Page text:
As the settlers arrive on Mars, they find out nothing new about Earth. The colony is as much in the dark as they are. The colony itself is self-supporting, but the loss of Earth as a supply source for advanced goods and new settlers has everybody worried about the future. Meanwhile, Quaid is feeling good about his new invention, which should improve the lot of the Martian settlers immensely. His dream about "being somebody" is taking shape.
However, the leader of the colony, Cohagen, is a power mad dictator. He uses a mind-control device that affects the memories of people he wants to control. He becomes interested in Quaid, but Quaid is wary. All Quaid wants to do is to market his new device on the colony, but he needs to get established first. He meets the brunette, Melina, and quickly falls in love with her. This is a problem because Richter also is in love with her. Richter now wants to kill Quaid out of jealousy.
But Richter is restrained by Cohagen. Cohagen wants to use Quaid, not kill him. Being on the inside, Melina knows what Cohagen is like, and she knows Richter too. She starts to feel something for Quaid and decides to help him. This enrages Richter all the more. The colonists are not too happy either, and Melina has close contacts with many in the resistance to Cohagen's tyranny. Many of them are having nightmares, as Cohagen had tricked them into thinking that his memory device was a form of entertainment. The entertainment was a form of mind-control instead.
Richter and Cohagen decide to kidnap Quaid and steal his secret. But Melina helps Quaid defeat their plans. Not before there is a mass revolt and Richter is killed. Cohagen has to give in and let Quaid go. Quaid decides to leave and take Melina with him back to Earth, where they face an uncertain future.
The Mars colonists elect a new leader. Quaid shows them how to use the new device and it works. They begin to prosper, but Quaid is still unsatisfied. Mars is so small, and there are so few people.
He takes a few Mars colonists and Melina with him back to Earth.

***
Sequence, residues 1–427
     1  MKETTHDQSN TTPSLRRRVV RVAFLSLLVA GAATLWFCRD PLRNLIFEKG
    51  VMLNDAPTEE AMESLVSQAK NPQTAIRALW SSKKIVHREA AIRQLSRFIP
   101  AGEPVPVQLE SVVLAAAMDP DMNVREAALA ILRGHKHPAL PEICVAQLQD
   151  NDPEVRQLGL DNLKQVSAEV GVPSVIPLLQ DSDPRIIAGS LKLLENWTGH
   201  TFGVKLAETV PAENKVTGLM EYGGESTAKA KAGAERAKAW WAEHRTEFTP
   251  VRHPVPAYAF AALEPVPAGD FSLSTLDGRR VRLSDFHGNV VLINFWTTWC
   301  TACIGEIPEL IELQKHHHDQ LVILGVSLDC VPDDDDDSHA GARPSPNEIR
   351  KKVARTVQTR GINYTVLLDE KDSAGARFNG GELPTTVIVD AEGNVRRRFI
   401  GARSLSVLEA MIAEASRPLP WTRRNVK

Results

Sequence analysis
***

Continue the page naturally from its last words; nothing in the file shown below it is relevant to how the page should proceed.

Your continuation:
Back in the late eighties, I was attempting to come up with a system to predict the outcome of NFL games versus the spread. I used this magazine as a source of information. I considered placing an ad in the magazine to promote my product. It could have happened, but I decided against it. My system wasn't good enough, I felt.
Sorry to see it go. It has become an all familiar story, it seems. It is really hard to make a buck on the internet. As far as I can tell, the internet killed this publication. I like the internet, but it is a harsh master. Very, very, very hard to make on buck on this medium.
From what I've read, this remake is definitely inferior to the original 1990 version.
The original was quite a movie.
Some of that movie seems pretty realistic for what a colony on Mars might be like. It would have to be set inside of a mountain, or in a cave. Air would have to be regenerated so that people could breathe. The possibility of people being mutated by radiation could be a real possibility. There would have to be machines that do all this, like the excavator machines in the original movie.
The movie is based upon the short story by Phillip K. Dick, which is called We Can Remember It For You Wholesale.
I've read the plot of the remake. Frankly, I can think of a better idea for a remake myself.
All you need is someone like Cohagen in the original. Someone who wants to control everything, so he won't allow the secret to producing more air to become known. That's easy. Our entire society today is revolving around that very concept. Radical abundance is possible to us, but is being denied to us so as to remain in control of us. If the secret became known, their power will be diminished. So, they, ( the powers-that-be) suppress the secret. You can do the remake based upon our current situation.